WASHINGTON, D.C. -- The U.S. House of Representatives overwhelmingly passed a bill to sanction Venezuelan officials involved in brutal repression of protestors in the oil-rich South American nation. H.R. 4587 – the Venezuelan Human Rights and Democracy Protection Act,
was designed to punish officials in the regime of Venezuelan leader Nicolas Maduro who are responsible for committing human rights violations. The measure was passed in a voice vote in which no objections were heard on the floor of the House of Representatives on Wednesday afternoon.
“I’m pleased that the House of Representatives has acted to punish the thugs of the Maduro regime for brutally repressing and violating the human rights of those seeking to exercise their basic freedoms of speech and assembly in Venezuela," said U.S. Representative Ileana Ros-Lehtinen (R-FL), who sponsored the legislation.
"The passage of this bill clearly shows that my colleagues and I are committed to supporting the Venezuelan people’s struggle for democracy, rule of law, and liberty, and that we will not look the other way when an abusive autocrat brutalizes his own people."
- Denies visas to enter the United States, blocks property, freezes assets, and prohibits financial transactions to members of the Venezuelan regime who are responsible for the commission of serious human rights abuses against the citizens of Venezuela;
- Denies visas to enter the United States, blocks property, freezes assets and prohibits financial transactions to members of the Venezuelan regime who have engaged in censorship against individuals or media outlets disseminating information in relation to protests in Venezuela;
- Calls on the President to transmit to Congress a strategy to promote internet freedom, access to information, and to encourage Venezuela to abide by the Principles enshrined in the Inter-American Democratic Charter; and
- Directs the United States Permanent Representative to the Organization of American States (OAS) to use the voice, vote, and influence of the United States at the OAS to defend and protect the Inter-American Democratic Charter, and strengthen the independent Inter-American Commission on Human Rights to advance the protection of human rights throughout the Western Hemisphere.
Passage of the bill was not assured, as earlier in the week, 14 Democratic members of Congress had sent a letter to U.S. President Barack Obama against the sanctions.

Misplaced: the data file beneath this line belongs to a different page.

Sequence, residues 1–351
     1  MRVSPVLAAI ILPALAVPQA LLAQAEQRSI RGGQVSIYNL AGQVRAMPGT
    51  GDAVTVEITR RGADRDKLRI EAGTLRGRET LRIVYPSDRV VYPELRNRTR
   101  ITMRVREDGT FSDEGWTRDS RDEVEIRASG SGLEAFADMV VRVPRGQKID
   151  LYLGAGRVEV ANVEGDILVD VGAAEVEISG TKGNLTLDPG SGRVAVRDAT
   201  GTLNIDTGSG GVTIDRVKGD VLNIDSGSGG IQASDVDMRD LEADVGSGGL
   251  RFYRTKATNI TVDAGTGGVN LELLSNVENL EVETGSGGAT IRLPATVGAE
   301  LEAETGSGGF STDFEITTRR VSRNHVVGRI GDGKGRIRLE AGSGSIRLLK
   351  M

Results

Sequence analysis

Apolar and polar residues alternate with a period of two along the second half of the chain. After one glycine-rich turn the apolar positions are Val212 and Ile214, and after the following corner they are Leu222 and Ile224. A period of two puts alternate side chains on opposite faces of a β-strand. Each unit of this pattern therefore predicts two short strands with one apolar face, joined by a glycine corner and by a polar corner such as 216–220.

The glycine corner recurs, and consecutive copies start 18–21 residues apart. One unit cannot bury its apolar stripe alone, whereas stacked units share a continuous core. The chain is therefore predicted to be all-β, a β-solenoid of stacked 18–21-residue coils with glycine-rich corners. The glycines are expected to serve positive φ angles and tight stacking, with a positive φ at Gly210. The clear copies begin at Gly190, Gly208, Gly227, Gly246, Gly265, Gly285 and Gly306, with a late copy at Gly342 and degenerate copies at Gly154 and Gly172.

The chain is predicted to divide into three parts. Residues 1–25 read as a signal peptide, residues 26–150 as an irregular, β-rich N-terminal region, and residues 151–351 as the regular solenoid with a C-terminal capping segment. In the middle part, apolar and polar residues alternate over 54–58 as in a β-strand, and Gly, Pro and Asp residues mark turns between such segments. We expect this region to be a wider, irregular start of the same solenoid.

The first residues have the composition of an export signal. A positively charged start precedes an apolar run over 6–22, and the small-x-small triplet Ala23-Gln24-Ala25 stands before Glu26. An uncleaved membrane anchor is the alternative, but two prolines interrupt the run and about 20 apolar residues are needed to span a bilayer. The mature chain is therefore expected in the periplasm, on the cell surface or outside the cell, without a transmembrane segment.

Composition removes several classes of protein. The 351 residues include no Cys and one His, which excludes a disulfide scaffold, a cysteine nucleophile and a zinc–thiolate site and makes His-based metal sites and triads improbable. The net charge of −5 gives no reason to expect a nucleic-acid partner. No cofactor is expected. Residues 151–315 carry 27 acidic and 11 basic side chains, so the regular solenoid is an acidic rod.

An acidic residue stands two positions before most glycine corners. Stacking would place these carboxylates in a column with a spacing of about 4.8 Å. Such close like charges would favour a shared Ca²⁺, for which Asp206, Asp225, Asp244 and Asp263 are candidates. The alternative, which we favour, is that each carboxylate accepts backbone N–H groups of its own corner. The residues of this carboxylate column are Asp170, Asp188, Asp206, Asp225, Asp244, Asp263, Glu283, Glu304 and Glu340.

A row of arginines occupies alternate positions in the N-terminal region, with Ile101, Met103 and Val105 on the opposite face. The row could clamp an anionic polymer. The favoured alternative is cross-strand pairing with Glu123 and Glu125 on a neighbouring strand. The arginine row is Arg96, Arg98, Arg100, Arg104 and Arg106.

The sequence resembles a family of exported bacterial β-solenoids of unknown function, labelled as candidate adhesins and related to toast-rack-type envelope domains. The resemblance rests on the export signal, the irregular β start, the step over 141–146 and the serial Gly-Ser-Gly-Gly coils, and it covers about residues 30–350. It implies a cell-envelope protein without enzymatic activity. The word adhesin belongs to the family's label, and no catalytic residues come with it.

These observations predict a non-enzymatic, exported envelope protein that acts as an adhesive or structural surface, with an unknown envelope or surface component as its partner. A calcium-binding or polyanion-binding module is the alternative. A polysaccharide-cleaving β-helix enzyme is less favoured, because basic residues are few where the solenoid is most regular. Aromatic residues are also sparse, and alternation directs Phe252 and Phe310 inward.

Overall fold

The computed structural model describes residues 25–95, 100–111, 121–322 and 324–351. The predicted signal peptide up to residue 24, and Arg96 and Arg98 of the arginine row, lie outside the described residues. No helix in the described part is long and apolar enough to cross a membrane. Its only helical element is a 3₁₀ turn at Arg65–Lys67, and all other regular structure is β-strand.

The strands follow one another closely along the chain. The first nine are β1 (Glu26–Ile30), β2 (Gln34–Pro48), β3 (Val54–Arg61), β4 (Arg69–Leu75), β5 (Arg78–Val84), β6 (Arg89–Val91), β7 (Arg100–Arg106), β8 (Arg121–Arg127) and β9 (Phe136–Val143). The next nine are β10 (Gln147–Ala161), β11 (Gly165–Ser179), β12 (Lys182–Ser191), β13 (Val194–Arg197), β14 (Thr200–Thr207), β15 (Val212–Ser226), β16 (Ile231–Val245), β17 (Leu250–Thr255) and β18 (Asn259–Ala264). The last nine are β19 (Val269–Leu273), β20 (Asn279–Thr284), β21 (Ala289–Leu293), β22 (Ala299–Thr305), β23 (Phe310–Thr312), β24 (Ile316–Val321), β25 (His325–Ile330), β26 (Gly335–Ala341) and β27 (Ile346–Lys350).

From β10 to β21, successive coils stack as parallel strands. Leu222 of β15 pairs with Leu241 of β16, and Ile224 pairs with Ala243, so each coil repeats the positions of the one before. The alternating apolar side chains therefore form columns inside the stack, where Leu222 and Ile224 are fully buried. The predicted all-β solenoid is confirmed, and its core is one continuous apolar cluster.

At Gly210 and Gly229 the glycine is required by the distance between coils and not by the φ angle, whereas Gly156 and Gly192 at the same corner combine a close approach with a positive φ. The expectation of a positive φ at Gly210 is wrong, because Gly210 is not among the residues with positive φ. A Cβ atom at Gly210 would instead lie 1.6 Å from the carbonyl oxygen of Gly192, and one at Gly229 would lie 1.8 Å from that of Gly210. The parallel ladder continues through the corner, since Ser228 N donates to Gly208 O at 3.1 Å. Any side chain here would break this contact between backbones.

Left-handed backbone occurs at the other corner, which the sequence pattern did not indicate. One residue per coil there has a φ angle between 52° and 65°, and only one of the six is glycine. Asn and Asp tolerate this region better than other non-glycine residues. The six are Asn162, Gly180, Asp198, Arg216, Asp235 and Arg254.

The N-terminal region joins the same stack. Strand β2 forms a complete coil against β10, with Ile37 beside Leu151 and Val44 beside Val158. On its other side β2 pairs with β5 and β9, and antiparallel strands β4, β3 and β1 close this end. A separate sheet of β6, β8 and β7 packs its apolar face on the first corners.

Six of the 14 signers of the letter were members of the Congressional Black Caucus, and included Representatives John Conyers, Henry "Hank" Johnson, Karen Bass, Barbara Lee, Raul Grijalva, James McGovern, Sam Farr, Chellie Pingree, Keith Ellison, Jan Schakowsky, Emmanuerl Cleaver, Jose Serrano, Michael Capuano, and Peter Welch.
Many members of the Congressional Black Caucus had expressed support for former Venezuela President Hugo Chavez and some had recently travelled to Cuba.
At the same time, 3 other Florida members of the Congressional Black Caucus were co-sponsors of the sanctions bill, including Representatives Corrine Brown, Frederica Wilson, and Alcee Hastings.
Other Co-Sponsors of HR 4587 included Representatives Mario Diaz-Balart (R-FL), Debbie Wasserman Schultz (D-FL), Ted Deutch (D-FL), Joe Garcia (D-FL), Matt Salmon (R-AZ), Albio Sires (D-NJ), Patrick Murphy (D-FL), Steve Stockman (R-TX), Ron DeSantis (R-FL), Michael McCaul (R-TX), Michael Grimm (R-NY), Alan Grayson (D-FL), Gus Bilirakis (R-FL), Christopher Smith (R-FL), Dana Rohrabacher (R-CA), Jeff Duncan (R-SC), Ted Poe (R-TX), Ted Yoho (R-FL), and Sean Duffy (R-WI).
Florida Senator Marco Rubio has sponsored a similar bill in the Senate. That bill was passed by the Senate Foreign Relations Committee last week and awaits action on the Senate floor.
"I hope that the Senate can act swiftly to pass the House version of the bill so that we can send it to the President’s desk as soon as possible to ensure that those responsible for human rights abuses are held accountable,” said Ros-Lehtinen.
46 people have been killed, over 1000 injured and over 3000 arrested since the protests began in February. Protests were initially against insecurity and the highest murder rate in the world, but the Maduro regime's harsh crackdown on innocent student protestors brought more protestors into the streets against the repression, widespread shortages, 60% inflation, and an unconvertible currency that has lost 88% of its value in the last 3 months. Many protestors, including Harvard-educated Opposition leader Leopoldo Lopez, and Opposition San Cristobal, Tachira state Mayor Daniel Ceballos and San Diego, Carabobo state Mayor Enzo Scarano, have been in jail for months. In what is seen as widespread rebuke of the Maduro regime, special elections the Government called on Sunday to replace the jailed Mayors were won by the wives of the unjustly incarcerated Mayors with as much as 87% of the vote.
HR4587 Venezuela Human Rights and Democracy Protection Act by Latin American Herald Tribune
Congress BC Letter to Obama Against Venezuela Sanctions 27 May 2014